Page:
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The 4R’s of a data breach.

What is the actual cost of a data breach?

So, a data breach has occurred, and you don’t have cyber insurance. What will you do and how much will it all cost? This is often a question that people struggle to answer as it isn’t something that many people will have considered before about there business. There are a range of factors that will impact on the cost of a breach/ attack.

The first cost is- response

How will you respond to a data breach? Often businesses will have to use an IT specialist to help them respond to the problem quickly and limit the damage that has been done already. IT specialists can become costly often charging by the hour and with unknown time spent on containing a problem you can see how costs climb. Even if you have an in-house IT team there is still a time cost that could have been spent doing other things.

The next cost is less direct – reputation

The reputational damage that a breach can do may not be a direct and may not be obvious, but this is the cost that will have a long-term impact on the business. It may have an immediate impact with a loss of return customers or even the loss of a contract depending on your type of business. this will have an immediate impact on your cashflow. But long term it may have caused such reputational damage that people are reluctant to use your business which may cause cash flow problems. However, this will be dependent on the level of the breach and how quickly the issue was solved. It may be that an attack is resolved quickly and there was no loss of data or business interruption in which case the reputational affects will be limited and possibly unnoticeable.

The third cost is- restoration

The restoration costs are the costs associated with getting the business back into the position it was before the breach or attack. These can include the costs of the business interruption and the notification costs of letting clients know about the breach or attack. Along with this are the cost of getting the business operational again. If a ransomware attack locks you out of your documents and files it is the costs associated to getting the documents back, whether it be you pay the ransomware or have to pay an expert to come into the business and help unlock the files.

The final cost of a breach or attack is- regulatory

Are you going to be subject to a regulatory penalty as a result of the attack/ breach? Penalties from the regulators can reach up to €20 million or 4% of turnover whichever is greater. Regulators have the power to cripple businesses with penalties should they not live up to the new standards under GDPR. Businesses now have an onus on them to ensure the safety of the data they hold and try to protect it. Data that is no longer useful must be destroyed and you must display a legitimate interest in the data that you hold or have permission to hold that data from an individual. It is these small obstacles that will trip a business up and mean that regulatory penalties maybe incurred.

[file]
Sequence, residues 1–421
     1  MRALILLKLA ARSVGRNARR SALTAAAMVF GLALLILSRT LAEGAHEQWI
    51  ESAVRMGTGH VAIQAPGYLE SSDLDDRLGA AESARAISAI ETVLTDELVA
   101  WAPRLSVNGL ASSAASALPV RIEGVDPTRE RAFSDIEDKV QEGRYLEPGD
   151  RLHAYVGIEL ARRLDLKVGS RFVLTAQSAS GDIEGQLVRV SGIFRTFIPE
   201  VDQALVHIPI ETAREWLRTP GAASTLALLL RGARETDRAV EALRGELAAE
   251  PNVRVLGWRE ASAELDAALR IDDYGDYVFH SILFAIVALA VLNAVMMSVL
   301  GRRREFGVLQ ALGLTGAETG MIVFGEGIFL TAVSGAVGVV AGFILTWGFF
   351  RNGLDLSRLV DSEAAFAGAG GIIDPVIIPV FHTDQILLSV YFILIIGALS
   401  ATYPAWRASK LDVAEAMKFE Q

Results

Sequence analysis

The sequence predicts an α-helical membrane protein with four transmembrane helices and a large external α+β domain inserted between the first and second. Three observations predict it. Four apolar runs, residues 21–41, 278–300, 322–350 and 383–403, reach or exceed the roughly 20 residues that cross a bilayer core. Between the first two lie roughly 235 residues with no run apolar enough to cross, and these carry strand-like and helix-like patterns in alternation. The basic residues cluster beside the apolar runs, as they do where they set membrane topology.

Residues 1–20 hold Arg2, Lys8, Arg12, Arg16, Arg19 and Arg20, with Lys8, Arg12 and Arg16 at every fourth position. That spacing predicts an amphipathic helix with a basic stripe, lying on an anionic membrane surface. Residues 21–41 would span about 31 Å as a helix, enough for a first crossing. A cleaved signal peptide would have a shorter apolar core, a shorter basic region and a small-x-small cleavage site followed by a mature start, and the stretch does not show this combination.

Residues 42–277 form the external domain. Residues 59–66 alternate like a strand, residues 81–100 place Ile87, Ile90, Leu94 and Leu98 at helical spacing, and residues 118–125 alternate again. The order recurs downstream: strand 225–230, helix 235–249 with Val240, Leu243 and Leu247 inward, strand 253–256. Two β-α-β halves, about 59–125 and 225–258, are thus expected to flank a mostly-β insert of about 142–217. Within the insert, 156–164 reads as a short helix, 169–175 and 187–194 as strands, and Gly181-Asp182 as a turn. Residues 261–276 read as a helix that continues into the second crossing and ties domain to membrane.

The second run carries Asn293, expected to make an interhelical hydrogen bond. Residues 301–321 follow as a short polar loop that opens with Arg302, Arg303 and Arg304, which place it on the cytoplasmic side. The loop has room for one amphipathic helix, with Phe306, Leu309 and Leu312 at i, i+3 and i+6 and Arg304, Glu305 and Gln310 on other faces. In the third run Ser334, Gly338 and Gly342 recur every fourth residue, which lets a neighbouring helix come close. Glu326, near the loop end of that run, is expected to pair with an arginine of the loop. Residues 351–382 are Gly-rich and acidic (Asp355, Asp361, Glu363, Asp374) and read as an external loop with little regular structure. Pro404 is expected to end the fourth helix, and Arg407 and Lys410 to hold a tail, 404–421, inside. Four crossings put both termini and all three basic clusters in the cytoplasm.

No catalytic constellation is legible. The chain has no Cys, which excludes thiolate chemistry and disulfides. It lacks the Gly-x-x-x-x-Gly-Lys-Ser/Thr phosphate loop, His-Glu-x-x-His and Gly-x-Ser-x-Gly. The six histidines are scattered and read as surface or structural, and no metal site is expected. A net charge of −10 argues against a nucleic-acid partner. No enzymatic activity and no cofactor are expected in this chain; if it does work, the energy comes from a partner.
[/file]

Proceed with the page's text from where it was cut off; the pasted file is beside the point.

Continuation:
Cyber insurance– Protection after a data breach

All these costs can be covered by a policy that means should a breach/ attack occur you won’t have to worry about the costs of each of the factors. Cyber insurance can cover each cost and provide you with immediate access to some of the best cyber specialists in the country that can limit the damage done to the business. You can also get access to a PR team that will help you should you feel it necessary this will help you to limit the reputational damage.

Top 3 types of cyber claims

There are a few types of cyber claims, we feel it important that you are aware of the types of claims that can arise in a cyber policy as it is important you understand exactly what you are covered for.

Theft of data-

The first cyber claims that you will be covered for is the theft of data. Data is a valuable asset and one in which that can be the difference between a business’s ability to operate successfully or not. The fact that data has value will make it worth stealing as it can also be valuable to others. This makes it an enticing target for cyber criminals. This type of claim will cover the cost of rectification should data be stolen. These costs vary and can run into the thousands, so I am sure that this may be something you wish to cover as paying these costs yourself can cause major problems with cashflow.

Theft of funds-

You will be able to claim for any money that has been stolen from a company bank account. The increase in online banking and the advances that have been made for companies to be able to move money between accounts means that there is an increased risk of passwords being stolen and accounts being hacked. You should also make it good practice that you change passwords regularly and avoid storing them in any unsecure location.

Damage to data asset-

Should your business experience damage to a data asset as a result of a cyber breach or incident they will be able to claim the rectification costs back. Often when a data asset is damaged it could be result of a virus of malicious attack. In this instance it would be advisable that an IT specialist is used to rectify the situation and depending on the type of issue can become very expensive. However, with cyber insurance you will be able to recover this cost. It is also worth noting that insurers will be able to provide you access to the best IT experts in order to rectify your issue quickly. Data asset damage can also occur as a piece of machinery or device becomes damaged, in many cases this will be covered under your cyber policy.